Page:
Author + information
- Received August 10, 1999
- Revision received June 16, 2000
- Accepted August 16, 2000
- Published online December 1, 2000.
- Rainer H Böger, MDa,
- Stefanie M Bode-Böger, MDa,
- Philip S Tsao, PhDa,
- Patrick S Lin, BSa,
- Jason R Chan, BSa and
- John P Cooke, MD, PhDa,* ()
- ↵*Reprint requests and correspondence to: Dr. John P. Cooke, Division of Cardiovascular Medicine, Stanford University School of Medicine, 300 Pasteur Drive, Stanford, California 94305-5406
We sought to determine whether asymmetric dimethylarginine (ADMA) inhibits nitric oxide (NO) elaboration in cultured human endothelial cells and whether this is associated with the activation of oxidant-sensitive signaling mediating endothelial adhesiveness for monocytes.
Endothelial NO elaboration is impaired in hypercholesterolemia and atherosclerosis, which may be due to elevated concentrations of ADMA, an endogenous inhibitor of NO synthase.
Human umbilical vein endothelial cells (ECV 304) and human monocytoid cells (THP-1) were studied in a functional binding assay. Nitric oxide and superoxide anion (O2−) were measured by chemiluminescence; ADMA by high pressure liquid chromatography; monocyte chemotactic protein-1 (MCP-1) by ELISA and NF-κB by electromobility gel shift assay.
Incubation of endothelial cells with ADMA (0.1 μM to 100 μM) inhibited NO formation, which was reversed by coincubation with L-arginine (1 mM). The biologically inactive stereoisomer symmetric dimethylarginine did not inhibit NO release. Asymmetric dimethylarginine (10 μM) or native low-density lipoprotein cholesterol (100 mg/dL) increased endothelial O2− to the same degree. Asymmetric dimethylarginine also stimulated MCP-1 formation by endothelial cells. This effect was paralleled by activation of the redox-sensitive transcription factor NF-κB. Preincubation of endothelial cells with ADMA increased the adhesiveness of endothelial cells for THP-1 cells in a concentration-dependent manner. Asymmetric dimethylarginine-induced monocyte binding was diminished by L-arginine or by a neutralizing anti-MCP-1 antibody.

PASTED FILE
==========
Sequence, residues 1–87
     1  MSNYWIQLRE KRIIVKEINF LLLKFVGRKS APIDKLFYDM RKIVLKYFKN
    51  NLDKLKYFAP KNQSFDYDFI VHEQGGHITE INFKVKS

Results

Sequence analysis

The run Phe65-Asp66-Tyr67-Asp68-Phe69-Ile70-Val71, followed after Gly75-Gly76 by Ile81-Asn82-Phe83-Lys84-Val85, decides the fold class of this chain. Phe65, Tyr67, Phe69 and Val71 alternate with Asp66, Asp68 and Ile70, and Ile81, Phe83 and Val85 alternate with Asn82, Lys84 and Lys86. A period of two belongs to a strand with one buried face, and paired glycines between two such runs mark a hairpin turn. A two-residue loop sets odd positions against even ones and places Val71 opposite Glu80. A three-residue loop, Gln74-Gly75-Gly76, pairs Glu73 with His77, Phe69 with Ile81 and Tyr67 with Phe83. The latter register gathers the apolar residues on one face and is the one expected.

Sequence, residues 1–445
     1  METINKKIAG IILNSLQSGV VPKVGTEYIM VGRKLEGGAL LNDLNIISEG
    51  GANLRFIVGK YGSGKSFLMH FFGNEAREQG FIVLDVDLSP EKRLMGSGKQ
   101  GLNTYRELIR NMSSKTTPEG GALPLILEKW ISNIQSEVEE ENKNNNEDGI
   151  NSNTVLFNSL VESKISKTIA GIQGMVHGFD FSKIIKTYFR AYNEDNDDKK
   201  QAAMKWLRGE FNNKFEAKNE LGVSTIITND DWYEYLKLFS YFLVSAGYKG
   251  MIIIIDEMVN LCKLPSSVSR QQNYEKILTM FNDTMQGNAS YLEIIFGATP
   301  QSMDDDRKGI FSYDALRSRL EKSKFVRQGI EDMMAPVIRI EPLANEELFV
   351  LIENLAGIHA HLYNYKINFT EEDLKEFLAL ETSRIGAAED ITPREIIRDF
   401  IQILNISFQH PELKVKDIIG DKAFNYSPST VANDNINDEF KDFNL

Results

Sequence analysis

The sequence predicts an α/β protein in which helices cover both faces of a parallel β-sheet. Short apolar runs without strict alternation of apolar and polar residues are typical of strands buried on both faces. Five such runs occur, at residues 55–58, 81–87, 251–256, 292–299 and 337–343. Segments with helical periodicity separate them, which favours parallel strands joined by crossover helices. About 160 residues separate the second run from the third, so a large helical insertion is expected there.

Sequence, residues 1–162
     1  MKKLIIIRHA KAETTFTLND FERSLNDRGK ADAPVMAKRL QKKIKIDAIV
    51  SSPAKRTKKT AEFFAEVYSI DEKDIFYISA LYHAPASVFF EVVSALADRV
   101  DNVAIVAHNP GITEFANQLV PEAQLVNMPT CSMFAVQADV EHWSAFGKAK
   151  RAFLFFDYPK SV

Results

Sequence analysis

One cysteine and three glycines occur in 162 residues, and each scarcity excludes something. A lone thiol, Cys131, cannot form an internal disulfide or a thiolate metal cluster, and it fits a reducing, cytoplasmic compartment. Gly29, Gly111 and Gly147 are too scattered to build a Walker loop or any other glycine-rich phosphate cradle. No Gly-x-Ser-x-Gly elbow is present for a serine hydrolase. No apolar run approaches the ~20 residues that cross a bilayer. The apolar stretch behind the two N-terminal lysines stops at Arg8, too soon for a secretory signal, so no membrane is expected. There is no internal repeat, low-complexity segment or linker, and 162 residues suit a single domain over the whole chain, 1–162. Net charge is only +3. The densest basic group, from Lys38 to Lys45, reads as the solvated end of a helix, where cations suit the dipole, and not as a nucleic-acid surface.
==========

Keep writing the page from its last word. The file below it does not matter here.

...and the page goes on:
We concluded that the endogenous NO synthase inhibitor ADMA is synthesized in human endothelial cells. Asymmetric dimethylarginine increases endothelial oxidative stress and potentiates monocyte binding. Asymmetric dimethylarginine may be an endogenous proatherogenic molecule.
☆ Supported, in part, by a grant from the National Heart, Lung and Blood Institute (1R01-HL-58638) and the Tobacco-Related Disease Research Program. Dr. Böger is the recipient of a postdoctoral grant from the Boehringer Ingelheim foundation. Dr. Bode-Böger received a postdoctoral grant from the Deutsche Forschungsgemeinschaft. Dr. Tsao is the recipient of a National Service Research Award (1F32-HL-08779).
- Received August 10, 1999.
- Revision received June 16, 2000.
- Accepted August 16, 2000.
- American College of Cardiology